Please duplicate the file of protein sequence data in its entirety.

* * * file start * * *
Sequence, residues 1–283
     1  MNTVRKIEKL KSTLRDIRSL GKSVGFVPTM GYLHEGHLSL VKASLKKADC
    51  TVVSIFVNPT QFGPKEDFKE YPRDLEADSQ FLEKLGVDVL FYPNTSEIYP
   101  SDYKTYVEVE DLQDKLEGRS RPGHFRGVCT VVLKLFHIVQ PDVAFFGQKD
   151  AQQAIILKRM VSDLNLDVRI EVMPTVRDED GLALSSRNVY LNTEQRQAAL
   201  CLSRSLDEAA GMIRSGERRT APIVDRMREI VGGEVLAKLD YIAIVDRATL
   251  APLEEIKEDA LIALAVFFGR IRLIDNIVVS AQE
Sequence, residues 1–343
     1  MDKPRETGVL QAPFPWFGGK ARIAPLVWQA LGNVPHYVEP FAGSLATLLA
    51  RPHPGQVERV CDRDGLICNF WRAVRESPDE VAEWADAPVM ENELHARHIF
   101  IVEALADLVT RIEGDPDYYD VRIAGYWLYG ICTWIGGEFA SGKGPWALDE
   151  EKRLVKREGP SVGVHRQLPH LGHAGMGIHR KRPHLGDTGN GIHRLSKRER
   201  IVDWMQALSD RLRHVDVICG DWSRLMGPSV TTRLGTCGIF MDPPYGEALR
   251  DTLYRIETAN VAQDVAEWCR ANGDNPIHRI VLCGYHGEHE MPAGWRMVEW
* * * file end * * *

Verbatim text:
Sequence, residues 1–283
     1  MNTVRKIEKL KSTLRDIRSL GKSVGFVPTM GYLHEGHLSL VKASLKKADC
    51  TVVSIFVNPT QFGPKEDFKE YPRDLEADSQ FLEKLGVDVL FYPNTSEIYP
   101  SDYKTYVEVE DLQDKLEGRS RPGHFRGVCT VVLKLFHIVQ PDVAFFGQKD
   151  AQQAIILKRM VSDLNLDVRI EVMPTVRDED GLALSSRNVY LNTEQRQAAL
   201  CLSRSLDEAA GMIRSGERRT APIVDRMREI VGGEVLAKLD YIAIVDRATL
   251  APLEEIKEDA LIALAVFFGR IRLIDNIVVS AQE
Sequence, residues 1–343
     1  MDKPRETGVL QAPFPWFGGK ARIAPLVWQA LGNVPHYVEP FAGSLATLLA
    51  RPHPGQVERV CDRDGLICNF WRAVRESPDE VAEWADAPVM ENELHARHIF
   101  IVEALADLVT RIEGDPDYYD VRIAGYWLYG ICTWIGGEFA SGKGPWALDE
   151  EKRLVKREGP SVGVHRQLPH LGHAGMGIHR KRPHLGDTGN GIHRLSKRER
   201  IVDWMQALSD RLRHVDVICG DWSRLMGPSV TTRLGTCGIF MDPPYGEALR
   251  DTLYRIETAN VAQDVAEWCR ANGDNPIHRI VLCGYHGEHE MPAGWRMVEW